very impressive. Your jigs are very simple in construction. It makes it easier to follow what you are doing.
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Re: Neck Builds

Postby Amber » Tue Mar 27, 2012 3:30 am

Do you make necks for people? I'd be interested in buying a lefty one if the price is good.
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Re: Neck Builds

Postby A_saVANT » Tue Mar 27, 2012 4:36 am

This is an awesome thread. Library worthy for sure.
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Re: Neck Builds

Postby Loco3 » Tue Mar 27, 2012 5:00 am

YES!

Thanks for making the time to put this together, it's people like you with threads like this that give me the guts to give it a go myself, de-mystifies the whole process and makes it seem possible.

Any chance one of those necks will have blocks and binding? :whistle:
Excellent job, cheers!
It don't mean a thang if it ain't got that twang!
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Re: Neck Builds

Postby Strider13 » Tue Mar 27, 2012 9:10 am

Tree's wrote:Thanks for sharing , good point on not using the router on the heel. Made me realize, all the vintage necks I've owned had some bit of vertical saw lines still visible on the heel. Fender didn't rout around the heel to avoid tearout also.


lokalfuz wrote:This is awesome indeed. Thanks much!


DrOctagon wrote:This one of the reasons this websites so great, gotta love the DIY ethic. Great job and great thread strider


CROSS_guitars wrote:very impressive. Your jigs are very simple in construction. It makes it easier to follow what you are doing.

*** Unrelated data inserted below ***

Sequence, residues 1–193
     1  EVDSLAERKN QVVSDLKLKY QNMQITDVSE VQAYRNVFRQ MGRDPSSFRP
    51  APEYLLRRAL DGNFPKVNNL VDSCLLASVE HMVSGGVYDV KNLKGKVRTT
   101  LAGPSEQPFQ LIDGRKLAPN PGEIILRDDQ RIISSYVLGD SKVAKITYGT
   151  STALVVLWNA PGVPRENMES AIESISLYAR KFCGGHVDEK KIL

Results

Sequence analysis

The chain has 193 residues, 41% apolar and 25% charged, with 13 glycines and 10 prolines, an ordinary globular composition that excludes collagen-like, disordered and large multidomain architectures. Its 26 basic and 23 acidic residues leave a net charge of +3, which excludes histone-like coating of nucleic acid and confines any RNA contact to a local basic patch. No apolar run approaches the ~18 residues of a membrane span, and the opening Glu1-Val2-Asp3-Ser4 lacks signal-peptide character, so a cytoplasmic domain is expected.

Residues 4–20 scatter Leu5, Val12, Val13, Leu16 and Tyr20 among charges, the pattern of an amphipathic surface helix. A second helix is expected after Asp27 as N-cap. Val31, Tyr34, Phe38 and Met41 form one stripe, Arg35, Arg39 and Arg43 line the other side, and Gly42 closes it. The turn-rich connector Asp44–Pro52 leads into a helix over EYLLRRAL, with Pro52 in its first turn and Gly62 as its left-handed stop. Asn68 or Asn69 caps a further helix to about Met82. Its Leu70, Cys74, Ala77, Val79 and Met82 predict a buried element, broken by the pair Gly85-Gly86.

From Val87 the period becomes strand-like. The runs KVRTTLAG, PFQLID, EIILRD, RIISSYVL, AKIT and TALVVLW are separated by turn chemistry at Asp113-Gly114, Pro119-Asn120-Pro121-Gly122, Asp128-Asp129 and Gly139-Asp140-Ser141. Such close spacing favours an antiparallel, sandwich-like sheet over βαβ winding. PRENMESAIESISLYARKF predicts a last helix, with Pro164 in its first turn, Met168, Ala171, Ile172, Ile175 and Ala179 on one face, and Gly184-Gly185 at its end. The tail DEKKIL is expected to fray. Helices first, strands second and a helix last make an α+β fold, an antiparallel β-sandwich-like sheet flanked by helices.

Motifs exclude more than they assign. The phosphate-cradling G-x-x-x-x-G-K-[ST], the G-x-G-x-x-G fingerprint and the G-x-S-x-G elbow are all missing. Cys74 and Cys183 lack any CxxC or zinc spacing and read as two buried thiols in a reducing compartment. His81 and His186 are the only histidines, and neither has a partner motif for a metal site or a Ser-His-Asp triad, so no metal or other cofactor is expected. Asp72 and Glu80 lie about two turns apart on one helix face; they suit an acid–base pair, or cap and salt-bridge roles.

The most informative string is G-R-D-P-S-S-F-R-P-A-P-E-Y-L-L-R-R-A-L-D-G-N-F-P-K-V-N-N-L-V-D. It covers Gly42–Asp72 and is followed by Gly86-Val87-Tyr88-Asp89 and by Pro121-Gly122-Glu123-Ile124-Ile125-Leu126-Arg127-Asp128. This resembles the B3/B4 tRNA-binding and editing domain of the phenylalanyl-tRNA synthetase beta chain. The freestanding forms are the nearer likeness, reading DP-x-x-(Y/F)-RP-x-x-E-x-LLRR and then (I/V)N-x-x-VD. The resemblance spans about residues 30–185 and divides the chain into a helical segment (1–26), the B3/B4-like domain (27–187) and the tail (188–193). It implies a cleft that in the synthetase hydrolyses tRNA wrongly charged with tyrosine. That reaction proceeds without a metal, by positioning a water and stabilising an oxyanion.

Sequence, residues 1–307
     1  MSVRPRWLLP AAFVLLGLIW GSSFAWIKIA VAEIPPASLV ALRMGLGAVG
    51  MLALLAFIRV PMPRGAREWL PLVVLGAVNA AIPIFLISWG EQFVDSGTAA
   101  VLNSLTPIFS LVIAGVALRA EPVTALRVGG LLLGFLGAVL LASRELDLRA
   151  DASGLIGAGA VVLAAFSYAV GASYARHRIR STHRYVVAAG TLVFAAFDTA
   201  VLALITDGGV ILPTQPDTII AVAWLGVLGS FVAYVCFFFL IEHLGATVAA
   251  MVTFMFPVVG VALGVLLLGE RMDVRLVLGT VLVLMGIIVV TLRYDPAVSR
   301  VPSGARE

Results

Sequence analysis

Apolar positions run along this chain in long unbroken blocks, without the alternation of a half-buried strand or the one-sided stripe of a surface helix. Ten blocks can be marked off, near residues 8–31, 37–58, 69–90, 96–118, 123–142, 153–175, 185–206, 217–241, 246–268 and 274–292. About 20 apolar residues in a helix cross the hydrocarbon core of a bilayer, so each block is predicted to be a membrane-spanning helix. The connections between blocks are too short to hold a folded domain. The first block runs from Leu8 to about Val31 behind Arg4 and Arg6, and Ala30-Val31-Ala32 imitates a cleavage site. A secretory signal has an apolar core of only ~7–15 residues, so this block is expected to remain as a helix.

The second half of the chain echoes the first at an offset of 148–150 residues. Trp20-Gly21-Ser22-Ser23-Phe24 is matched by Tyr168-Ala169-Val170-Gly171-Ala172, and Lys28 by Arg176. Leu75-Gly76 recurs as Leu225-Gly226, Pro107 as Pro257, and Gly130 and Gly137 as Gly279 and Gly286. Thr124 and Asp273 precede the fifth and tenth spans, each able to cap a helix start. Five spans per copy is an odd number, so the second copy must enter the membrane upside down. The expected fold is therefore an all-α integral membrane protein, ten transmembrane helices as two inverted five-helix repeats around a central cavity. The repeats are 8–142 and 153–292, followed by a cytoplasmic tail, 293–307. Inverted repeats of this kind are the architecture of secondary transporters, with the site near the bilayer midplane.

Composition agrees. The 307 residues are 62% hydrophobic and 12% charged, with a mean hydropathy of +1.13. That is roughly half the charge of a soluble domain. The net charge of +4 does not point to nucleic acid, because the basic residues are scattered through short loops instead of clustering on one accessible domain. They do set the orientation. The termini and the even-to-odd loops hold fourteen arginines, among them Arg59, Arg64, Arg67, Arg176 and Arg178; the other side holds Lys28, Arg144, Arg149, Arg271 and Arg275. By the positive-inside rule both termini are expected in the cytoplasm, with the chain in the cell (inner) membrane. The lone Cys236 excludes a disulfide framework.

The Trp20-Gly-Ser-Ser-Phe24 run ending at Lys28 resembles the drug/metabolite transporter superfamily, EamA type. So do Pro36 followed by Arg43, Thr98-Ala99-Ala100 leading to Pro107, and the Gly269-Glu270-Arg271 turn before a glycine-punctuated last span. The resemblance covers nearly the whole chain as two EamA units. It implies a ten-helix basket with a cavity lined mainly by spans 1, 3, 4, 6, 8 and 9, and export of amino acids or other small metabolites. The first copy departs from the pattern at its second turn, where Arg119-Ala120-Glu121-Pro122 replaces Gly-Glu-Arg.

A_saVANT wrote:This is an awesome thread. Library worthy for sure.


Loco3 wrote:YES!

Thanks for making the time to put this together, it's people like you with threads like this that give me the guts to give it a go myself, de-mystifies the whole process and makes it seem possible.

Any chance one of those necks will have blocks and binding?
Excellent job, cheers!


Thanks to everyone for the warm reception! To anyone that wants to start building necks but is intimidated, I say go for it. It's very rewarding to have something that you have built yourself.

As for the blocks and binding, one of these necks may end up with a maple cap and black blocks and binding. I'll eventually get some mother of pearl to do '66 style white binding and pearl blocks.

Progress on these builds should continue soon when my fret slotting templates come in. I've been working on my Jaguar projects as well, and I really need to update that thread. It's looking really great.
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Re: Neck Builds

Postby CROSS_guitars » Wed Mar 28, 2012 11:22 pm

I've copied some of Strider's ideas and made my own trussrod routing jig.

The difference is, I have only got mine set up to rout a flat channel. When I get more confident I'll fit a sled to it, so I can do swooped routs.
but for now, this guitar is just being fitted for a two-way trussrod, which I'm still waiting for.